Lettuce is a widely enjoyed vegetable thought to have come to our shores from India and Central Asia via Europe. We have enjoyed this plant since the ancient times. Herodotus wrote that it was a favorite in ancient Rome. It was during the Age of Exploration when Columbus and other explorers sought the New World that lettuce seeds were first planted on American soil. Lettuce is an easy vegetable to plant and grow. It requires limited space and is virtually pest- and disease-free.
Easy guide to planting
Select a site where the soil is constantly moist. Unlike most vegetables, lettuce can grow in some shade. Still, it is crucial that they receive a good amount of sunlight. For best results, soil should be rich in nitrogen and potassium, with a pH level of around 6.0 to 6.8. You can easily buy a pH meter at your local hardware store. If you do not know the pH level, assume that the soil is lacking and immediately place lots of organic matter such as compost, leaf mold, or rotted manure to get the correct pH level.
Most lettuce varieties of lettuce take 45 to 55 days to mature. Lettuce can be sown all year round but it is still important to choose the right variety for the season. Take note that gardeners discourage planting lettuce during the summer as the high temperature will make the plant taste bitter. Lettuce seeds do not germinate in soil that is 80 degrees or warmer. To get the most tender leaves, water regularly, especially during dry weather. Keep adding mulch with a layer of compost to keep the soil rich.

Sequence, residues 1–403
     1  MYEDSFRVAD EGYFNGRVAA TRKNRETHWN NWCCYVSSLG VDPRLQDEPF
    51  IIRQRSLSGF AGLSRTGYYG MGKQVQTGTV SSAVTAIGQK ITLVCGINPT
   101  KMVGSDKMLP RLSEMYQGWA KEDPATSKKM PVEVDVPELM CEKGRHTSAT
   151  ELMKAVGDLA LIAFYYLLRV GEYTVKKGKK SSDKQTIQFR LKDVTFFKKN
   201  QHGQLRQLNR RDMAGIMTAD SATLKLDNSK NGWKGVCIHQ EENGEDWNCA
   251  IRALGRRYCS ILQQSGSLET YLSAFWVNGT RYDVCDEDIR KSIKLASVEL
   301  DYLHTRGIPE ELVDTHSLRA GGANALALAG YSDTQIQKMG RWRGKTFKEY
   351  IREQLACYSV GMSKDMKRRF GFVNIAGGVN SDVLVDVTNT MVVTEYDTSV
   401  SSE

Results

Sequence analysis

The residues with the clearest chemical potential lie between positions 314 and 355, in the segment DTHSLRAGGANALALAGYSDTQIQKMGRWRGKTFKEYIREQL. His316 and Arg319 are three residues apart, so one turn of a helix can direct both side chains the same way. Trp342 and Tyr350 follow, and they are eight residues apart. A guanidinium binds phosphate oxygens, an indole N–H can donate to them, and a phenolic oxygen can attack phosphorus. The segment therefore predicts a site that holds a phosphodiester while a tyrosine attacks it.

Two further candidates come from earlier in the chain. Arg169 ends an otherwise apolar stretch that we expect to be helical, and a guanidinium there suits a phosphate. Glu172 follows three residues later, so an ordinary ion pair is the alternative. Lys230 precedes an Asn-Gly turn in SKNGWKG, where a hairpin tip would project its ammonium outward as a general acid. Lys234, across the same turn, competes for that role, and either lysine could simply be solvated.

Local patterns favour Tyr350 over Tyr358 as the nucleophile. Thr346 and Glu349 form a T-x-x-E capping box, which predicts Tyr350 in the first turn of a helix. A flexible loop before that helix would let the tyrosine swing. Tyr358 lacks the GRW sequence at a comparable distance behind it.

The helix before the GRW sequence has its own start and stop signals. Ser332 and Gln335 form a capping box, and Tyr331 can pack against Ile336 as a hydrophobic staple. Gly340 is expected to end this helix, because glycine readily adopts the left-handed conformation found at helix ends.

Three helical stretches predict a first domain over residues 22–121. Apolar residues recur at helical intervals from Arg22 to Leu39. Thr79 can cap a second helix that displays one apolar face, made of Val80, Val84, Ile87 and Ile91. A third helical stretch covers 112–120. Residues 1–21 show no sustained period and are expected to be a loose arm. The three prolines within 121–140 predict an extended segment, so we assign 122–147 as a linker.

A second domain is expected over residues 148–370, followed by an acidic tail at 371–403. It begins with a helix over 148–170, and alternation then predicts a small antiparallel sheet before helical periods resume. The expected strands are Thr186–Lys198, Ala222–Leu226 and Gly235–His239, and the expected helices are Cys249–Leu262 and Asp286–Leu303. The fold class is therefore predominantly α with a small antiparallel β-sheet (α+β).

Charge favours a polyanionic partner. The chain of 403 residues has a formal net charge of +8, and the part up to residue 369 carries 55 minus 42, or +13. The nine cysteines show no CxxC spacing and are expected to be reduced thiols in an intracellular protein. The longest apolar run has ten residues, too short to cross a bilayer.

For indoor sowing, begin by placing some lettuce seeds in peat pots a few weeks before the last frost date in your area. These seeds should be exposed to plenty of sunlight even if they are indoors. Similarly, you may place them under artificial lighting until you are ready to move them into your garden. These seeds should be moved during spring, which is the ideal time to sow lettuce.
If you prefer to plant the lettuce seeds directly in your garden, place the seeds at least 1/4-inch deep and then cover them. This should be done about a month before the last frost for spring planting or four to eight weeks before the first frost if planting during the fall months. Constantly water the area as lettuce needs a consistent moisture supply. Try to space plants correctly to provide enough space for maximum growth. There is no hard and fast rule on this, but in general, work around six to 18 inches apart. Again, this depends on the variety you choose.
Other tips for maximum lettuce production
When possible, plant lettuce seeds in raised beds. This is because raised beds become warmer faster than the ground. This gives you an earlier start in the spring and a later crop during fall. You can also try planting the lettuce around taller plants like Brussels sprouts and peppers. This is a recommended option for those with limited garden space. This is because the lettuce keeps the surrounding soil moist which helps its neighbors. The taller plants, in turn, provide the necessary shade for the lettuce when the weather becomes warmer.
Lettuce is also great for succession planting. To do this, sow seeds every two weeks, beginning with varieties that are heat-tolerant. This will be your main crop. Switch to fall varieties late in summer. Using this method assures a constant supply of lettuce.
Take note that because lettuce is mostly water, it does not store well. Try eating your home-grown selections as soon as they are harvested. You can also opt to freeze them. Even then, aim to consume these within a week.